SBAC promises even more potential with data in the form of the Formative Assessments that should give teachers a (more or less) continuous view into student learning. I’m excited or the potential of data in education and quite frankly I’m surprised the big Student Information System (SIS) vendors haven’t figured this out yet. As a parent, I would love to see a something like a Learning Dashboard for my kid. But then again, a classroom blog would work for me too.
Every school district I’ve ever worked with has done two things terribly in my opinion (at least prior to my arrival). The first is plan for technology in a sustainable and strategic way and the second is to provide adequate support for technology use in the classroom. I can attribute both to the lack of a Cabinet level technology leader involved in the day to day decision making discussions of the district.
It strikes me as profoundly short sighted that in the rush to test every California kid on computers in March 2014, these two fundamental flaws in many school district’s thinking are not being addressed.
I just met with a school district that realized they needed someone to help them through these interesting times, however they weren’t willing to commit all the way for a cabinet level position reporting to the Superintendent, instead opting for a position reporting between Business and C&I. Having reported to two different departments once before, I can personally say this is a recipe for disaster. But they are trying and that’s an important point. Another district I know of is trying as well and they appear to have gotten it right, posting for a Cabinet Level CTO position reporting to the Superintendent to help guide them through these technologically challenging times. Unfortunately there doesn’t appear to be much guidance on this from the existing leadership organizations, and that’s really too bad. So here is my take on it.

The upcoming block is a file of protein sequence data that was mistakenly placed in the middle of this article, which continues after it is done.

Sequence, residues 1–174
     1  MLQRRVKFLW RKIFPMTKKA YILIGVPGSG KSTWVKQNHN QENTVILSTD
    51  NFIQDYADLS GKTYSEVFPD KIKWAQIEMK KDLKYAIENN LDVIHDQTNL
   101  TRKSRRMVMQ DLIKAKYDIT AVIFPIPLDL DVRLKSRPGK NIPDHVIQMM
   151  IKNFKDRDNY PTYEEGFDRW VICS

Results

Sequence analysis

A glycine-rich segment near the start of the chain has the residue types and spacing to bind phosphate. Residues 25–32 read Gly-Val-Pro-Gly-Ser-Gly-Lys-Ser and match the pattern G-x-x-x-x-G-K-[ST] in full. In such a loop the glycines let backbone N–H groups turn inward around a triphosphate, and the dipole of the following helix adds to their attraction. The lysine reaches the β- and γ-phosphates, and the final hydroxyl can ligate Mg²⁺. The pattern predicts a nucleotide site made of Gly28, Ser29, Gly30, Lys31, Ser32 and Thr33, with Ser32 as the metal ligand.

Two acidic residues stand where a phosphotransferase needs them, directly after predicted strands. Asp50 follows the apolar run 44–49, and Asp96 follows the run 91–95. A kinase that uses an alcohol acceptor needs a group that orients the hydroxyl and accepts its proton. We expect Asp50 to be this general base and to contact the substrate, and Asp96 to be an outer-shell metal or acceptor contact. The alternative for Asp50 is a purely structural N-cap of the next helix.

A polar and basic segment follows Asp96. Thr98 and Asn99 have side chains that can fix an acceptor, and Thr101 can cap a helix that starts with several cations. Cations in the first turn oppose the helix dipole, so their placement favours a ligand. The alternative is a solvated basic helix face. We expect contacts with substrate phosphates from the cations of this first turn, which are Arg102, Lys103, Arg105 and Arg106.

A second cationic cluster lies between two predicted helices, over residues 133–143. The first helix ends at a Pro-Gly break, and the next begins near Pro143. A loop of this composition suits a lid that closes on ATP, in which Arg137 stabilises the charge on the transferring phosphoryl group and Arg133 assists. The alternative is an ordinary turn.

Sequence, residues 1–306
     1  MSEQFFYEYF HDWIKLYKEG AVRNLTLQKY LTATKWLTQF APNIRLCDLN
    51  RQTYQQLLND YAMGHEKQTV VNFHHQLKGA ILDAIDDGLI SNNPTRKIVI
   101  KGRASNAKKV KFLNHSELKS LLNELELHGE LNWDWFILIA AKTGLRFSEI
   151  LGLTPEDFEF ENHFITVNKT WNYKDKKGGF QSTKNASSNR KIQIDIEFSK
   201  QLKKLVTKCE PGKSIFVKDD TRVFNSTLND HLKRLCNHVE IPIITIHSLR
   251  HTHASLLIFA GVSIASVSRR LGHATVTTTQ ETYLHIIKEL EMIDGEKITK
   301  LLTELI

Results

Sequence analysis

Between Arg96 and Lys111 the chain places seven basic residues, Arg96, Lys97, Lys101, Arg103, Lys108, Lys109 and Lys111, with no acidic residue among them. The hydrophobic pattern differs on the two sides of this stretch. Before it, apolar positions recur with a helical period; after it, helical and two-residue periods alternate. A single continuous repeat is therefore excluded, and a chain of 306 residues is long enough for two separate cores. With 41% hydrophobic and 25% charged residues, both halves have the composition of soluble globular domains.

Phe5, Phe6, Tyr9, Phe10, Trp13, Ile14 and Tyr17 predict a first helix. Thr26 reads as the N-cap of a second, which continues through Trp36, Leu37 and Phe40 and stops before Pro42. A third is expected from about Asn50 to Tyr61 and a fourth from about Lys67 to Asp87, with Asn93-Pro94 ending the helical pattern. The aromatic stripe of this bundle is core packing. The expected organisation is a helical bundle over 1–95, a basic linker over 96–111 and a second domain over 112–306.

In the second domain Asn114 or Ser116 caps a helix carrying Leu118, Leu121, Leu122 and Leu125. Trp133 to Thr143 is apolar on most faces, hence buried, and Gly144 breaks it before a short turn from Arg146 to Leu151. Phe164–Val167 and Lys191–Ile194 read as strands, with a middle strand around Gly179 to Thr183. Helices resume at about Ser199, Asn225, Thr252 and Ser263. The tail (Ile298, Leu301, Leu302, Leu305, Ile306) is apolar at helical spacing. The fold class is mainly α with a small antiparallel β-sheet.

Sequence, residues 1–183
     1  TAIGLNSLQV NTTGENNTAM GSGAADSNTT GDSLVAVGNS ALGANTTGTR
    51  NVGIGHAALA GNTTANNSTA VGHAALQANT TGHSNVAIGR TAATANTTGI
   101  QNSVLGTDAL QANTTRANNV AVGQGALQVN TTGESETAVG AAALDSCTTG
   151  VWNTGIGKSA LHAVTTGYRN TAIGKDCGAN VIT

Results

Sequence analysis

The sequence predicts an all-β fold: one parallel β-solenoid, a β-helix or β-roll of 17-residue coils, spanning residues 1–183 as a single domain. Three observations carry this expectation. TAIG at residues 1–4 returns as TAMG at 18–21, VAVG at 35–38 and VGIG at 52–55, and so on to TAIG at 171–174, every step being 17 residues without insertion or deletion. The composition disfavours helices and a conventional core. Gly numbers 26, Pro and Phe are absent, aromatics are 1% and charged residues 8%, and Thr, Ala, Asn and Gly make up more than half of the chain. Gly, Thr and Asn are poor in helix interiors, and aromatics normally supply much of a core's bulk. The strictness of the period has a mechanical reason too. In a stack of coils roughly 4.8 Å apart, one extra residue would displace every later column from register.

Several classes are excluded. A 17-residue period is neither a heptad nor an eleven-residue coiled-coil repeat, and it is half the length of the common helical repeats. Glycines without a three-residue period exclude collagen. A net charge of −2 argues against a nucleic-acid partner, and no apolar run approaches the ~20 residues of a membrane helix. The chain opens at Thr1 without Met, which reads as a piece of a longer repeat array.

In the absence of a CTO to guide them, many school districts are using their one time Common Core money to solve what they think are their readiness troubles (ie. buying devices by the pallet load) but these plans are short sighted. Long after that one time money is gone, online testing and the learning environments needed to prepare kids for 21st century literacy will require a constant refresh of equipment and a level of technical support most schools have never known.
So why have schools historically never invested in regular technology updates or enough technical support? Well, for starters, technology hasn’t been a fundamental need in schools before now. Sure, certain programs may have required a school computer lab or a classroom mini lab but these have generally always been school driven and funded. And then usually with one time dollars and no plan for hardware obsolescence or replacement. Daily integration of technology into instruction on a district wide scale is completely new for most and to think a district can succeed with common core and online assessments without increased student access to technology is just plain crazy.
Along the same lines, in many school districts there has never been a concrete relationship between the number of devices a school purchases and the amount of support the district provides. In my experience, individual schools have been able to add more and more devices and keep older and older systems running while expecting the same level of support from the continuously stretched District IT departments.